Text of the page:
Five Arlington firefighters competed against more than 100 others Friday afternoon to bolt up flights of stairs, drag fire hoses, slam with sledgehammers and drag 175-pound dummies all for the sake of camaraderie.
Firefighters from all over the U.S. and Canada competed in a Scott Firefighter Combat Challenge before the AT&T Cotton Bowl Classic. The Arlington Fire Department and AT&T Stadium hosted the event where “Olympic-class athletes” raced to show how quick they are, said Fire Chief Don Crowson.
Arlington firefighters ages 27 to 37 competed, including, Zach Robinson of Station 7, Zach Simons of Station 8, Adam Evans of Station 14, and Matt Wazac and Jonathan Pavnica of Station 6.
Evans, 37, competed in a one-on-one race with Fire Chief Jimmy Rogers of Altus, Okla., and lost by one second.
“I’ve been doing this for 15 years. I am definitely not one of the best, but I’ve made some lifelong friends,” Evans said. “I do it for the camaraderie and the brotherhood.”
Evans wore full bunker gear as he grabbed a 42-pound fire hose pack, threw it over his shoulder and ran to the fifth floor of a tower. He then threw the hose pack into a basket and leaned over a railing to pull a 42-pound weight up the five flights and into a basket, he said.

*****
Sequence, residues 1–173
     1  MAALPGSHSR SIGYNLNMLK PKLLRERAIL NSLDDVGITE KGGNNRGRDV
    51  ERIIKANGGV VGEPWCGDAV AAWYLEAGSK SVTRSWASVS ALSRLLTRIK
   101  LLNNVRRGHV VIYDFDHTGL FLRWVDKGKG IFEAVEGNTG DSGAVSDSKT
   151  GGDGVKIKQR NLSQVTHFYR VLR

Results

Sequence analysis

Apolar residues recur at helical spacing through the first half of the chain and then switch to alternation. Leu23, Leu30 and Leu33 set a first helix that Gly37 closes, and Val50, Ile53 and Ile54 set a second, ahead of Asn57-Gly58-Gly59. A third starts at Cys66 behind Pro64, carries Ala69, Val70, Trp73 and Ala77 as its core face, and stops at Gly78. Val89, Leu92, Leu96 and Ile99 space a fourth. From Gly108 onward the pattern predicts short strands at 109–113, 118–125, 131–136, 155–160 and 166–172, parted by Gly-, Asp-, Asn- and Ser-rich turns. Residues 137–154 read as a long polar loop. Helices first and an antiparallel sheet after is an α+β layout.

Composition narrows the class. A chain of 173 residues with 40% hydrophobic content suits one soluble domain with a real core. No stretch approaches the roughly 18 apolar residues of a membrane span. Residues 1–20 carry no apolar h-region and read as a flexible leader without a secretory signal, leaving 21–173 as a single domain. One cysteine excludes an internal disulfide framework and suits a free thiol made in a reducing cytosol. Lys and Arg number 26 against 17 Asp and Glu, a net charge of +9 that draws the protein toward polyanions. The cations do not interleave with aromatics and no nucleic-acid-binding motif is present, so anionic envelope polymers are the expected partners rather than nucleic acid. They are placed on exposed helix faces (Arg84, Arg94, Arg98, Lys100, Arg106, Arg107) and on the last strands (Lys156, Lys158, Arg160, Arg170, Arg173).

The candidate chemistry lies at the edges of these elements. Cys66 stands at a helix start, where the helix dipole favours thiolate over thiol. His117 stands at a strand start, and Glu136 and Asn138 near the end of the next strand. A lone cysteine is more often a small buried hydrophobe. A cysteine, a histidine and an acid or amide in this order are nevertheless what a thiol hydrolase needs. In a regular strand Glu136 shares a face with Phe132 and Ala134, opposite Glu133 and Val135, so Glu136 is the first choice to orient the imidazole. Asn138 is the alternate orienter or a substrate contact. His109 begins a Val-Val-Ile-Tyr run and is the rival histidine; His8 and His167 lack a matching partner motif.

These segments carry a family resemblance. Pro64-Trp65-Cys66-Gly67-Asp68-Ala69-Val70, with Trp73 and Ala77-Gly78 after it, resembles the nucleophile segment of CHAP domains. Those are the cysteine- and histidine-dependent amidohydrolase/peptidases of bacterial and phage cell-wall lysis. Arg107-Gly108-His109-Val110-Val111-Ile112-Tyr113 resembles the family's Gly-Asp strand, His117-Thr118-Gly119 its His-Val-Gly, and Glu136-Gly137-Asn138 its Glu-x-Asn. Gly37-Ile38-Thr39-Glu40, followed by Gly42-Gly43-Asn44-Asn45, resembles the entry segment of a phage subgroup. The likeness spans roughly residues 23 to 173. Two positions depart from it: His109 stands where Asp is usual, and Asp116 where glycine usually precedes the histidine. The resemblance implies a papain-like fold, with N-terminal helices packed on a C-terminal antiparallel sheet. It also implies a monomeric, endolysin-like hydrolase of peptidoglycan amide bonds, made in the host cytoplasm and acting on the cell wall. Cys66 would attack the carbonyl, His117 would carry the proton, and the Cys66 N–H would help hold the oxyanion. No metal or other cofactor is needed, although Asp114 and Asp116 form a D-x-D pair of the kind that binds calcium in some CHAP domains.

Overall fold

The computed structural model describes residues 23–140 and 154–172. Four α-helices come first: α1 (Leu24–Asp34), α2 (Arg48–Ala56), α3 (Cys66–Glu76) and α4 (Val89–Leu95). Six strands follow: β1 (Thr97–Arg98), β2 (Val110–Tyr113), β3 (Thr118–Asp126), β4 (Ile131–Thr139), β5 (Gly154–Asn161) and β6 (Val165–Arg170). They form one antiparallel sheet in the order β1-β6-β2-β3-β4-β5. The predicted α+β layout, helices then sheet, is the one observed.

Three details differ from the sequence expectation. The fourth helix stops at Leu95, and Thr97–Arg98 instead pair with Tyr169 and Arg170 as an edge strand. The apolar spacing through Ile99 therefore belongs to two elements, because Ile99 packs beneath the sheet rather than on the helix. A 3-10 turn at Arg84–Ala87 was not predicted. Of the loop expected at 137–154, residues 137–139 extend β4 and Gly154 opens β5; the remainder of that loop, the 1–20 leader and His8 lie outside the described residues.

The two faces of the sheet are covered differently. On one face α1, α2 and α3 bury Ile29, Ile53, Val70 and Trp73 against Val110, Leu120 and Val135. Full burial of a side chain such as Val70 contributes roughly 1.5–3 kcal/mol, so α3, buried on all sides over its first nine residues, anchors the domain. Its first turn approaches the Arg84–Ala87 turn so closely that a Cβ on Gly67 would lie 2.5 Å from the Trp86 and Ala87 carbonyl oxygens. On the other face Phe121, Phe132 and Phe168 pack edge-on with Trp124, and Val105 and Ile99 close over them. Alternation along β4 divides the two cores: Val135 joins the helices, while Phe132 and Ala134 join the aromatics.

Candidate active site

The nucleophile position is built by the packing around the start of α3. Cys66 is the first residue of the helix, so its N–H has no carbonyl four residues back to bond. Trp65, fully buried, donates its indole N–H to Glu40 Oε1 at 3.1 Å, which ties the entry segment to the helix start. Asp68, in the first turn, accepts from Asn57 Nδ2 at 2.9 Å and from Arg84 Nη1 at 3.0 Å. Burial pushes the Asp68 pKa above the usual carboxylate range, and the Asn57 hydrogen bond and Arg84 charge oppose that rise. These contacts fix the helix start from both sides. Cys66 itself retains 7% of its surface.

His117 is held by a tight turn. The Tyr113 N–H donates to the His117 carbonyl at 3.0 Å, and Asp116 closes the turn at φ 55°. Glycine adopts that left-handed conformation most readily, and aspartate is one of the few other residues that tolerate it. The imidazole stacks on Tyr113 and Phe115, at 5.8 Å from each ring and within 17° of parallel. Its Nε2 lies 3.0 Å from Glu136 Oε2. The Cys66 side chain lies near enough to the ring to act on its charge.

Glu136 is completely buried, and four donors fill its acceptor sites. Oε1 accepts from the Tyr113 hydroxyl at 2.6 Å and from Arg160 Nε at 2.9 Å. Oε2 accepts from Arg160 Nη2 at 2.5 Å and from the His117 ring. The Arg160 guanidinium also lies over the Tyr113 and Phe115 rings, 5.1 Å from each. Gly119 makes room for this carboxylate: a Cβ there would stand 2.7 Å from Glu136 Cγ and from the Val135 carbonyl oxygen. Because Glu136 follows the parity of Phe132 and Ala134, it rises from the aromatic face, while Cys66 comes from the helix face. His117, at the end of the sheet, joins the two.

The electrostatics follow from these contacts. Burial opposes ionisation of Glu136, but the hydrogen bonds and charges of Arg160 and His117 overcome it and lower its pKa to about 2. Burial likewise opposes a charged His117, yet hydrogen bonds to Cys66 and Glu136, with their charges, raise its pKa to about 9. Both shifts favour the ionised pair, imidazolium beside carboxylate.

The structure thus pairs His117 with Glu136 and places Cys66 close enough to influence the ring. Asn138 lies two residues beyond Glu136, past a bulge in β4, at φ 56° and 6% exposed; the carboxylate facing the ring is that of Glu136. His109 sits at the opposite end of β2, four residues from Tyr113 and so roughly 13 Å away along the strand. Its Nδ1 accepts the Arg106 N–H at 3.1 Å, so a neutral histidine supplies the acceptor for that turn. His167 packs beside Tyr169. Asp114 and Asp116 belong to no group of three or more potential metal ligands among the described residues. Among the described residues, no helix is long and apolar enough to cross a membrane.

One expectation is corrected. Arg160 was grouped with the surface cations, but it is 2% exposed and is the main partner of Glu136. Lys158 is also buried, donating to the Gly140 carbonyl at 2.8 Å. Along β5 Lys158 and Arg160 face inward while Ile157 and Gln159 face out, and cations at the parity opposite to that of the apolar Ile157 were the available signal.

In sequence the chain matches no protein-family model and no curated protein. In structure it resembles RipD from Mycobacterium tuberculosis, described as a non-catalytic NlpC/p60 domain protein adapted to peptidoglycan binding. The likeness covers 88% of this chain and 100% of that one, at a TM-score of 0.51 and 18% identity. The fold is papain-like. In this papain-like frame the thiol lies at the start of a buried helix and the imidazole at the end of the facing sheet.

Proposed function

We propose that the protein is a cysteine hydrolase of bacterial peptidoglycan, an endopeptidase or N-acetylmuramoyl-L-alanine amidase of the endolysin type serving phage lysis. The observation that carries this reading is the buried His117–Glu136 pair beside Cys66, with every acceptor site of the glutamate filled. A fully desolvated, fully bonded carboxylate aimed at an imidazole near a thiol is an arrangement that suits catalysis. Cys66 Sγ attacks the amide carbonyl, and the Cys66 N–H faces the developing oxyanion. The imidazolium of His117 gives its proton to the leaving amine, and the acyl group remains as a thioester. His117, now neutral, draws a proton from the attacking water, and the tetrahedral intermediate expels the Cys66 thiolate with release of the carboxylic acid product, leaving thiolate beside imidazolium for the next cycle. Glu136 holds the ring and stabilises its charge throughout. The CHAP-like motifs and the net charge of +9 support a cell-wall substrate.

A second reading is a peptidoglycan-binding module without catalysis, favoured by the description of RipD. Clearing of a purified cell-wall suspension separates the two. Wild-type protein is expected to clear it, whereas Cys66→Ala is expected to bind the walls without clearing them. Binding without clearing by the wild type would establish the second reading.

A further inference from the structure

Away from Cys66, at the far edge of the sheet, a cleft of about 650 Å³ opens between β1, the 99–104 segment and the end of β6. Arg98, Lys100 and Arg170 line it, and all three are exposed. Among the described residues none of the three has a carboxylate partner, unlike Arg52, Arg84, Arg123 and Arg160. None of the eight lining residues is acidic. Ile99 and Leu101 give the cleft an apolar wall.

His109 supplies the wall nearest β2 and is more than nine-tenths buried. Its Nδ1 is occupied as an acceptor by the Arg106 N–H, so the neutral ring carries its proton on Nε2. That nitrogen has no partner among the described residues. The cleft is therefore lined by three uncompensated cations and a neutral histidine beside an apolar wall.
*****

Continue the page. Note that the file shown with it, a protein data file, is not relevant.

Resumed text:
Evans then ran back down and used a sledgehammer to move a 160-pound steel beam 5 feet, ran through a course of cones, dragged a fire hose 75 feet and shot a target with water. The last challenge was to grab and drag 175-pound “Rescue Randy” 106 feet to the finish line.
“It’s five tasks that we would actually do, but I would say this would be your absolute worse-case scenario on a fire to do these five things back to back,” Evans said. “They call it the ‘toughest two minutes in sports.’ ”
Firefighter Brad Potter, 39, of Alberta competed with his team to finish the five-task challenge in a minute and 27 seconds. Potter said his team competed in the finals last year.
The finals will be held in Las Vegas in December and broadcast on ESPN. The challenge is sponsored by Scott Safety, which manufactures respiratory protection products, monitoring and sensor equipment and other products, according to its website.
William Gates of the Air Force Academy won the individual challenge with a time of one minute, 35 seconds. Horry County Fire Rescue out of South Carolina won the group challenge at one minute, 18 seconds.